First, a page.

Each Monday I pick out the northern hemisphere’s celestial highlights (mid-northern latitudes) for the week ahead, but be sure to check my main feed for more in-depth articles on stargazing, astronomy, eclipses and more.
What To See In The Night Sky This Week: March 6-12, 2023
Have a look to the west after sunset this week and you’ll see bright Venus above Jupiter—a beautiful sight for sure—though this week it’s mostly about the rise of the full “Worm Moon.” The third and final full Moon of winter, it will shine brightly all week and appear full for most of the first half of the week, though the time to see it appear on the eastern horizon will be moonrise where you are on Tuesday, March 7, 2023.
It’s also worth remembering that the week ends with the swap to daylight savings time in the US. Clocks “spring forward” by an hour on Sunday, March 12, 2023 at 1:00 a.m.
Tuesday, March 7: full ‘Worm Moon’ rising
Tonight will offer the best opportunity to watch the full “Worm Moon” rise into a twilight sky from both North America and Europe. In New York sunset is at 5:53 p.m. EST and moonrise is at 6:10 p.m. EST while in London both sunset and moonrise occur at 5:49 p.m. GMT.
Friday, March 10: Moon and Spica
Tonight the waning gibbous Moon will be about 3.4º from Spica, the brightest star in the constellation of Virgo and about 250 light-years distant. Have a look to the east before going to bed.
Constellation of the week: Canis Major, the ‘Great Dog’
Canis Major, the “Great Dog,” can this month be seen low in the south if you’re in the northern hemisphere and in the north if you’re in the southern hemisphere. It’s a reasonably difficult constellation to pick out, though it does have one very (very) bright star—Sirius, the “Dog Star.”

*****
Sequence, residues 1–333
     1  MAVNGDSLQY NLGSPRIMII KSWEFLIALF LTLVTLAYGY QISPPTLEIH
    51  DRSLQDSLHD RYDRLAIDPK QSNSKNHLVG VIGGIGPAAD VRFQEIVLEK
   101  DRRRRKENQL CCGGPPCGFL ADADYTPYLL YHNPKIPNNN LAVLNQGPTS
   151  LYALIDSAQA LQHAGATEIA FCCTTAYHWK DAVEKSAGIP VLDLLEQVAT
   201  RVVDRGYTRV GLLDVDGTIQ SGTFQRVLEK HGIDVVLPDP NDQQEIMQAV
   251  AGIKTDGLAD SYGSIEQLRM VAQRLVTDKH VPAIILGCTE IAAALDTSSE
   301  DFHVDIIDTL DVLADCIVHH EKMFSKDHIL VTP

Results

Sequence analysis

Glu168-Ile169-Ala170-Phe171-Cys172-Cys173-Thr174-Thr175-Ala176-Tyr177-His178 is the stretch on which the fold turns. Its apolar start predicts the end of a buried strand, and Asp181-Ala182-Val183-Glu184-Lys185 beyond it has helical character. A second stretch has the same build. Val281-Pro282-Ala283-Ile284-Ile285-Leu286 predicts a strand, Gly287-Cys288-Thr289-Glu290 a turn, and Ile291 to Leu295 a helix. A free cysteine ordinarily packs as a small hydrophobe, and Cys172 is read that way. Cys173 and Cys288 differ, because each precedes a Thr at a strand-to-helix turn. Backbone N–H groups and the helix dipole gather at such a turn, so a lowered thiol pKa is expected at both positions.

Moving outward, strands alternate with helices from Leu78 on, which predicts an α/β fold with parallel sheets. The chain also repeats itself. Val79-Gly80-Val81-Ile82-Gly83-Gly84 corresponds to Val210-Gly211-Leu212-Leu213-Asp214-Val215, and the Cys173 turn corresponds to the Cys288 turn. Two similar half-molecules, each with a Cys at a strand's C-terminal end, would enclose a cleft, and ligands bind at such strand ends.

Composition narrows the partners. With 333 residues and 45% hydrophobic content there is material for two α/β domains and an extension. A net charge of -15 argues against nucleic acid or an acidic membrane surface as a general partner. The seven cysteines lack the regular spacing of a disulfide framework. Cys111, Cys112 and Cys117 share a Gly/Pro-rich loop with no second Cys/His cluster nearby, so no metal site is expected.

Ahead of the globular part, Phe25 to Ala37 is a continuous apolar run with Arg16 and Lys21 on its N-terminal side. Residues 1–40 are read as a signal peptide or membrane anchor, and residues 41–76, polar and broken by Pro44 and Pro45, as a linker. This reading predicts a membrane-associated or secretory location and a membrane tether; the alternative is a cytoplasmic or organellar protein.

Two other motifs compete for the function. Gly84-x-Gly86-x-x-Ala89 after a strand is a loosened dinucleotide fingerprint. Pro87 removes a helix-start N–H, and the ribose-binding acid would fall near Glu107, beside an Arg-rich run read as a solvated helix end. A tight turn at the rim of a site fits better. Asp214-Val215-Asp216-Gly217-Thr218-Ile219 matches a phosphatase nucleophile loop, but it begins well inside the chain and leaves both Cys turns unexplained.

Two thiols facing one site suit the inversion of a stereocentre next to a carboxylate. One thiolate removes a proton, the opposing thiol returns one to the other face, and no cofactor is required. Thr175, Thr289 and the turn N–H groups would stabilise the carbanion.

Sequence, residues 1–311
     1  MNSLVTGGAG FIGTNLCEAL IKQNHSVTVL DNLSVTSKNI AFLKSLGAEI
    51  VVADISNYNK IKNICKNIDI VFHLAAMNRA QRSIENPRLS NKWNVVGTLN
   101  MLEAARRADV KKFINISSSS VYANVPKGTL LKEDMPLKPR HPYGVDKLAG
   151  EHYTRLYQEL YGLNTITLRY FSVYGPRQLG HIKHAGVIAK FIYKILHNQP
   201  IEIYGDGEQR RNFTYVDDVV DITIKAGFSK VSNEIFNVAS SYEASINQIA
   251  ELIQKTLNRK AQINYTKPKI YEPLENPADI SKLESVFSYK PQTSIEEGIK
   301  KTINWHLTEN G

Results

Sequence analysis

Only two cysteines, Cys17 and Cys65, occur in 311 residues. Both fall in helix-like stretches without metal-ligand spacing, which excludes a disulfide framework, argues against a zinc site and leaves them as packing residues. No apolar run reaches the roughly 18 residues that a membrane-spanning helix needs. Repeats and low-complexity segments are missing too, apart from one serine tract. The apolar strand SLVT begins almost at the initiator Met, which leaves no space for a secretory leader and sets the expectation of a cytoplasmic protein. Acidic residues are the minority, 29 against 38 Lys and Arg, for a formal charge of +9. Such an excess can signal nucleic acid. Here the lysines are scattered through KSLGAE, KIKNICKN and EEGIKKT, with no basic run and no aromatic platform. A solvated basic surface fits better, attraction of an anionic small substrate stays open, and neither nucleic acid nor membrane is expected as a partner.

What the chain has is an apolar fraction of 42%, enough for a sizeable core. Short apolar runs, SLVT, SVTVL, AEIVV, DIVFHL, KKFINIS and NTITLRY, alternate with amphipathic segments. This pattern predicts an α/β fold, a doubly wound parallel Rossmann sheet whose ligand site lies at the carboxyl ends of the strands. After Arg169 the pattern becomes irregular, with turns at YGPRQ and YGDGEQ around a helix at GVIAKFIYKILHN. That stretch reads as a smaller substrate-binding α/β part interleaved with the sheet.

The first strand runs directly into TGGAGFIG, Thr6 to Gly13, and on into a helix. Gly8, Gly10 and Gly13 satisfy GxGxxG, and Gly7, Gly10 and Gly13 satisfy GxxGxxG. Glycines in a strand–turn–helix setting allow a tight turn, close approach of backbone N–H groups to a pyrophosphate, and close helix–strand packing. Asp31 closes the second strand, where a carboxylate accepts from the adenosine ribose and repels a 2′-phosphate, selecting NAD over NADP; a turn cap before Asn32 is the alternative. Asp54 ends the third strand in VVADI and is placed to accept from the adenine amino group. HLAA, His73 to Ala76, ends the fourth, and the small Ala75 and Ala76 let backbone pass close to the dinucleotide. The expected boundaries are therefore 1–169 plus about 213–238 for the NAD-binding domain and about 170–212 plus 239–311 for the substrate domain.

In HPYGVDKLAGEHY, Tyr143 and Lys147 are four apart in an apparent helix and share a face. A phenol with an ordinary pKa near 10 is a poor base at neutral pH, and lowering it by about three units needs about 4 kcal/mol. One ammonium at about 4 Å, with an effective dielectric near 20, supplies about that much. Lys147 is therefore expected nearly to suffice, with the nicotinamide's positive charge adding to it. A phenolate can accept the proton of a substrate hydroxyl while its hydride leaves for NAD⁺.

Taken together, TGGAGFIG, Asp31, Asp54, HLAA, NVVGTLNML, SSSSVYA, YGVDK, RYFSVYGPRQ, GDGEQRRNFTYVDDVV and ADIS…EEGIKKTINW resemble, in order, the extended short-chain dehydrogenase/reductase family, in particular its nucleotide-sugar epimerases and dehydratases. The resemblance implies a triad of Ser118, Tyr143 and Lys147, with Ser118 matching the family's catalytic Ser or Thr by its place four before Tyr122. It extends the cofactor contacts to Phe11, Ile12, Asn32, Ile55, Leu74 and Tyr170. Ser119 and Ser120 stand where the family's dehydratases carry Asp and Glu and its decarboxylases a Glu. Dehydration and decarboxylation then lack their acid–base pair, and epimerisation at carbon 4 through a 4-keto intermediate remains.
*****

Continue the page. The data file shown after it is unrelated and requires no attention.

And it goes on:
The night sky’s brightest star, this blue giant shines at a magnitude 1.4. That puts it behind only our Moon, Jupiter and Venus in terms of brightness. It’s a mere 4.6 light-years distant. The rest of the stars in Canis Major are Adhara, Aludra, Amadioha, Atakoraka, Furud, Mirzam, Muliphein, Sirius, Unurgunite and Wezen, though none are as bright as Sirius or the stars of Orion close by.
In Greek mythology, Sirius was associated with the god Orion and was said to be the dog of the hunter—hence its constellation Canis Major translates as “the big dog” and it’s called the “dog star.”
Object of the week: the full Moon
Most moon-gazers will tell you that its “full” phase isn’t the best time to look at the Moon, but if you catch it at moonrise or moonset it can be a real treat. Not only will the Moon be low in the sky—so very easy to look at with the naked eye or through binoculars without straining your neck—but since the Moon’s light is low at this time it’s easy to observe.
Look at this week’s full Moon as it rises or sets and you’ll see a pale orangey-yellow disk dotted with craters and dark areas that denote ancient seas of lava called mares. We’re so lucky to have such a fascinating object orbiting us—but how often do you actually study it? Top tip: invest in some 10×50 binoculars with a tripod thread and you’ve got a lifetime of observing ahead.
Times and dates given apply to mid-northern latitudes. For the most accurate location-specific information consult online planetariums like Stellarium and The Sky Live. Check planet-rise/planet-set, sunrise/sunset and moonrise/moonset times for where you are.
Wishing you clear skies and wide eyes.